SALRC Assessment Institute

Developing Assessments for South Asian Languages

June 12-16, 2006

Readings | Schedule | Participants | Questionnaire | Workshop Home

Annotated Readings

In preparation for the workshop, Please consult the following general references:

Boston, Carol (2002). The concept of formative assessment. Practical Assessment, Research & Evaluation, 8(9).

This article addresses the benefits of formative assessment, diagnostic assessment that provides feedback to teachers and students throughout a course and provides examples and resources to support its implementation.

Brindley, G. (1997). Assessment and the language teacher: Trends and transitions. The Japan Association for Language Teaching: The Language Teacher Online, 21(9).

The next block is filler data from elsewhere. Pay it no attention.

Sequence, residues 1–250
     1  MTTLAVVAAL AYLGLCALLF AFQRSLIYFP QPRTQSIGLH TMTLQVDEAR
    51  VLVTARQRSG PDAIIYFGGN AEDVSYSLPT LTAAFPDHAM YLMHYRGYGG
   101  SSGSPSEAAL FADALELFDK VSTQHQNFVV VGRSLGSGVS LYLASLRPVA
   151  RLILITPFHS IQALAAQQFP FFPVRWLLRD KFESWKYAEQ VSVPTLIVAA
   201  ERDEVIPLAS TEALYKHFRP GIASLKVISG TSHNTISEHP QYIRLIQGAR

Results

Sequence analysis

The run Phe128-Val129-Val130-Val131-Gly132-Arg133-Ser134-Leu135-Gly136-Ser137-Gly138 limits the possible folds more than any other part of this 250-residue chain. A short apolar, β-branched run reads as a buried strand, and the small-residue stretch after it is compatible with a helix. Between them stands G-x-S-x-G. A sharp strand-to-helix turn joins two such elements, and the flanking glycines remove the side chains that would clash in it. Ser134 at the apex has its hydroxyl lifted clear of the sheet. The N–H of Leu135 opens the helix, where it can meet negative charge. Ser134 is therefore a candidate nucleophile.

The article considers the effects that changes in assessment types in response to increased accountability and a focus on performance have had on the roles of teachers.

Thompson, L. (2000). Foreign language assessment: 30 years of evolution and change. ERIC/CLL News Bulletin, 23(2). Available online at:

Instruction, Outcomes, and Assessment on Center for Advanced Research on Language Acquisition’s (CARLA) the Virtual Assessment Center (VAC) website

Please review and be familiar with:

The American Council on the Teaching of Foreign Languages Council (ACTFL) Proficiency Guidelines

Hindi Proficiency Guidelines: ILR (The Interagency Language Roundtable) Scale

The Executive Summary of the National Standards for Foreign Language Learning for the 21st Century

Papers by Wells, James and Lange